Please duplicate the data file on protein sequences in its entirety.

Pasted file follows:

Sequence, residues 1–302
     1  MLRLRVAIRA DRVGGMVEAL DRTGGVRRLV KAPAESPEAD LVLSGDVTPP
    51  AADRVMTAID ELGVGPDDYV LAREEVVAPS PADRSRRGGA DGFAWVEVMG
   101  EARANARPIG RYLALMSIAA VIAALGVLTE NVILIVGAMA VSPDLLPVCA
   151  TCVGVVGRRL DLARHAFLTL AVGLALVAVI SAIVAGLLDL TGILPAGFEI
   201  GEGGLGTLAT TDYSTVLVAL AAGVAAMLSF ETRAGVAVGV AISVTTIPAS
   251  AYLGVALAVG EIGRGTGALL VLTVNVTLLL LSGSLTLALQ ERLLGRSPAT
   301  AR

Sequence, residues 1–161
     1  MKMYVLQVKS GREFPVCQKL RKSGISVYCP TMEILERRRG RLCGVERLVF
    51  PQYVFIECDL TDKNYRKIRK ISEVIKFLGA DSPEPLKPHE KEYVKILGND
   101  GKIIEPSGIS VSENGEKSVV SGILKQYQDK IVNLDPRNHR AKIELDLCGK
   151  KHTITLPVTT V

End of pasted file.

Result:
Sequence, residues 1–302
     1  MLRLRVAIRA DRVGGMVEAL DRTGGVRRLV KAPAESPEAD LVLSGDVTPP
    51  AADRVMTAID ELGVGPDDYV LAREEVVAPS PADRSRRGGA DGFAWVEVMG
   101  EARANARPIG RYLALMSIAA VIAALGVLTE NVILIVGAMA VSPDLLPVCA
   151  TCVGVVGRRL DLARHAFLTL AVGLALVAVI SAIVAGLLDL TGILPAGFEI
   201  GEGGLGTLAT TDYSTVLVAL AAGVAAMLSF ETRAGVAVGV AISVTTIPAS
   251  AYLGVALAVG EIGRGTGALL VLTVNVTLLL LSGSLTLALQ ERLLGRSPAT
   301  AR

Sequence, residues 1–161
     1  MKMYVLQVKS GREFPVCQKL RKSGISVYCP TMEILERRRG RLCGVERLVF
    51  PQYVFIECDL TDKNYRKIRK ISEVIKFLGA DSPEPLKPHE KEYVKILGND
   101  GKIIEPSGIS VSENGEKSVV SGILKQYQDK IVNLDPRNHR AKIELDLCGK
   151  KHTITLPVTT V